More than 70,000 families in the state are living in a kinship care situation, which is when a family member takes care of another family member’s child.
Several of those families were at the State House Tuesday to push for changes in the law that would make it easier for families to step up and help out.
The child usually ends up in the relative’s home when a parent is incarcerated or deceased.
Right now, foster families are paid $300-$500 a month, but kinship care providers do not receive a stipend.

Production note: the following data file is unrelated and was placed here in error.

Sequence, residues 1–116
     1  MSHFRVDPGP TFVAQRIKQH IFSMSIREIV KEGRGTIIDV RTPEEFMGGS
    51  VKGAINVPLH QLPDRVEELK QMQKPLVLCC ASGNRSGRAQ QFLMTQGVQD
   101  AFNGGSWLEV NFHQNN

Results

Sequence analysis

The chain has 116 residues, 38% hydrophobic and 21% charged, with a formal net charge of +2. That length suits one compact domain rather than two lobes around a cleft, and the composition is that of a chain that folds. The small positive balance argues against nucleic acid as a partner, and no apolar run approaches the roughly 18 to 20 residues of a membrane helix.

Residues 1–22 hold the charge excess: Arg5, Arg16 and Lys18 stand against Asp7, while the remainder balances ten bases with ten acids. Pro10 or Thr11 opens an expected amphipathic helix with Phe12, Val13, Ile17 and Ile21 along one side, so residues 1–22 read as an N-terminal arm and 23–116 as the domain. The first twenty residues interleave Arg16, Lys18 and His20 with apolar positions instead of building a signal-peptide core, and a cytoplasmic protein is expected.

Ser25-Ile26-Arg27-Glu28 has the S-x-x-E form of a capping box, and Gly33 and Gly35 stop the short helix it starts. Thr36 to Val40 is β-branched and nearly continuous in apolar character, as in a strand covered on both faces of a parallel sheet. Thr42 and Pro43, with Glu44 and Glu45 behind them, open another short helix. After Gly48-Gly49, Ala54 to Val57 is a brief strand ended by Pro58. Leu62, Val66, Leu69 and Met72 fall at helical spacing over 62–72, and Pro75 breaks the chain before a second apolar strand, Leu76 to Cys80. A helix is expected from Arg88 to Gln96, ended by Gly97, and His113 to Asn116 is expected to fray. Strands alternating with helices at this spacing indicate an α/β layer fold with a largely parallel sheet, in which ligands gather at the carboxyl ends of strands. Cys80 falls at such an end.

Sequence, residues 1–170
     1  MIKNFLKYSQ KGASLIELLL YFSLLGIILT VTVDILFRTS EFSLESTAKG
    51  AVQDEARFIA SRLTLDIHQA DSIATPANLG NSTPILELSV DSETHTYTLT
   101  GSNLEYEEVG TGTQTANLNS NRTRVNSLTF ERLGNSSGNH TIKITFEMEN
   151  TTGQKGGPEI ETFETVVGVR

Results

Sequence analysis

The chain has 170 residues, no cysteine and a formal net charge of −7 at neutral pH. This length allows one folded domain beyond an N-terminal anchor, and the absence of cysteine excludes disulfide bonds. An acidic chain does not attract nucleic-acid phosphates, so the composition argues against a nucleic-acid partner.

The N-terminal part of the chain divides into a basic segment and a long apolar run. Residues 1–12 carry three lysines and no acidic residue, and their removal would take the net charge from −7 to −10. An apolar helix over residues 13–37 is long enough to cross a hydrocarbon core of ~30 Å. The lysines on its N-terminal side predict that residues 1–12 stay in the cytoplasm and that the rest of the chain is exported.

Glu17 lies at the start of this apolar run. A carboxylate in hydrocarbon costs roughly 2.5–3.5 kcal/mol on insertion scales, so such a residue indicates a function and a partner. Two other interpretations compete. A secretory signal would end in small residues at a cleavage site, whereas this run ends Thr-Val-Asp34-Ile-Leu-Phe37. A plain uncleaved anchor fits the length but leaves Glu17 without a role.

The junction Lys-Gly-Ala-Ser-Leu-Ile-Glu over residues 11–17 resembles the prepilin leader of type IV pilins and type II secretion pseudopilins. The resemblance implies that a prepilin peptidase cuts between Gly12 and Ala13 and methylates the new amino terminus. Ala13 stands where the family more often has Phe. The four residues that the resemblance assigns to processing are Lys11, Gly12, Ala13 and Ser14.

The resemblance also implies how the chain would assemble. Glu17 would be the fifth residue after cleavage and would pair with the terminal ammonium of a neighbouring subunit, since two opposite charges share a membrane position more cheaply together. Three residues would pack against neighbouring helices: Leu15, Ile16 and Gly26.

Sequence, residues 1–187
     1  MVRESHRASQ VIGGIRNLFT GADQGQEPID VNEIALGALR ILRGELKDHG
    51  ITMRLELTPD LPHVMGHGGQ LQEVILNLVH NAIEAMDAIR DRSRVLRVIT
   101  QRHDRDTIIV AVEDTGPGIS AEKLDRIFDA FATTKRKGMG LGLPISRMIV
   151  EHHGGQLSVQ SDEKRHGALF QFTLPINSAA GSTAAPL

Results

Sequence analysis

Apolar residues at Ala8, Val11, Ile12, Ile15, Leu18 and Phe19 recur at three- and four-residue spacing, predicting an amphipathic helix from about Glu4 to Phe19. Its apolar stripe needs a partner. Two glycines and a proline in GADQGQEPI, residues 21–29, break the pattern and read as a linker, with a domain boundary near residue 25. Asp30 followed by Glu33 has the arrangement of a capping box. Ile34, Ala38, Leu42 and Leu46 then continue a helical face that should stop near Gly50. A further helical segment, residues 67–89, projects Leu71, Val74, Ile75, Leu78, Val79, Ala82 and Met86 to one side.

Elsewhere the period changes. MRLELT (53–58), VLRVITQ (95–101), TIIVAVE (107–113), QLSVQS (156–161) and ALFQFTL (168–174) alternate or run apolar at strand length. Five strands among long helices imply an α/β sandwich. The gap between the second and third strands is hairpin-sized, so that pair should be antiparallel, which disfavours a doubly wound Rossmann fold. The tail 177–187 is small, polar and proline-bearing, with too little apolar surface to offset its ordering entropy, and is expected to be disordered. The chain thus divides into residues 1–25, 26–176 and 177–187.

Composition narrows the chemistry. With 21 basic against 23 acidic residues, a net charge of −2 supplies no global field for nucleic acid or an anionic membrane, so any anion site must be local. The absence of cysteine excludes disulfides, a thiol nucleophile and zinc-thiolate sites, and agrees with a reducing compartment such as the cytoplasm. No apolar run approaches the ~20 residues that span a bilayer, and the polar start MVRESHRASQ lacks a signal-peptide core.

Sisters of Charity Foundation plays a major role in distributing resources and grants to programs centered around low-income families. The organization also plays a role in giving in kinship care providers the support they need.”
“You know for years we’ve had this happen. We’ve had grandparents and aunts and uncles. You’ll have in this state a 65-year-old person raising 3 kids. They’re glad to do it, but they need a little extra help,” said Tom Keith, the president of Sisters of Charity Foundation SC.
The bill has already passed in the Senate and is now in a House Judiciary Committee for review.